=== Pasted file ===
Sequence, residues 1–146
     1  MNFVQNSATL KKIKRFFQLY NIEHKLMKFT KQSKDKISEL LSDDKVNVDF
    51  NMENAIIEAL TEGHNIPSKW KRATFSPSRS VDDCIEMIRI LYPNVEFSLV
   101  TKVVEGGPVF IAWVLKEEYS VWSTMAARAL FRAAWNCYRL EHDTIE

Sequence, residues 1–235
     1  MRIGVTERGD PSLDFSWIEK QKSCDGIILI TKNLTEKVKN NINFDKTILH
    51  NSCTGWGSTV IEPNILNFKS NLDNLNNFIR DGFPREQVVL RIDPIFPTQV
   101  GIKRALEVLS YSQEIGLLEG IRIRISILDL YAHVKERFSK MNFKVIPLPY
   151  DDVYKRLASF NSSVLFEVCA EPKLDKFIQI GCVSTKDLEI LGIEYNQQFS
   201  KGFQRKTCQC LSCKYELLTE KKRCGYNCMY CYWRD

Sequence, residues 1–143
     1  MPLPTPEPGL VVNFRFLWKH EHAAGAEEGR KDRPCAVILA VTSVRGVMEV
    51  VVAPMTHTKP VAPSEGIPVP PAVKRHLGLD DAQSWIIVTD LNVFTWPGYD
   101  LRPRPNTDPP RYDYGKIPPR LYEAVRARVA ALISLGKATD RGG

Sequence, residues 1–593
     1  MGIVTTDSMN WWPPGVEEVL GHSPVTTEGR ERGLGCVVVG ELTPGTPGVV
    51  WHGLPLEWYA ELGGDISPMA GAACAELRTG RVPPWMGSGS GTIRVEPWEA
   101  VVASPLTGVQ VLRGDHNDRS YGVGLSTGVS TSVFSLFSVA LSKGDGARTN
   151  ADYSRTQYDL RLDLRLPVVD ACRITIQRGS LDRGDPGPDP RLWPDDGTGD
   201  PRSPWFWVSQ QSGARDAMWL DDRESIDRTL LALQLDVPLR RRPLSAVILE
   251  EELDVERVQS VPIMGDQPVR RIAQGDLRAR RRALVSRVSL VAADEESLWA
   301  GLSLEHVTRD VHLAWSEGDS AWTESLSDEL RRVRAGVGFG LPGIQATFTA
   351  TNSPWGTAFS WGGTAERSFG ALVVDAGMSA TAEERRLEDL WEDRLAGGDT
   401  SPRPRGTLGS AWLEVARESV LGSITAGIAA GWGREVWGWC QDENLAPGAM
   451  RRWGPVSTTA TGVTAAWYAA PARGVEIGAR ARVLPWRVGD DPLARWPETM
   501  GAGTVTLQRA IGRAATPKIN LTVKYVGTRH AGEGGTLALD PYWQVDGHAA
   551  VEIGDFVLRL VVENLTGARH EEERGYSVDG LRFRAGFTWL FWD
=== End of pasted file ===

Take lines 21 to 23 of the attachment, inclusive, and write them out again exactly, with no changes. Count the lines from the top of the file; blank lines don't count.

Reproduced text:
   251  EELDVERVQS VPIMGDQPVR RIAQGDLRAR RRALVSRVSL VAADEESLWA
   301  GLSLEHVTRD VHLAWSEGDS AWTESLSDEL RRVRAGVGFG LPGIQATFTA
   351  TNSPWGTAFS WGGTAERSFG ALVVDAGMSA TAEERRLEDL WEDRLAGGDT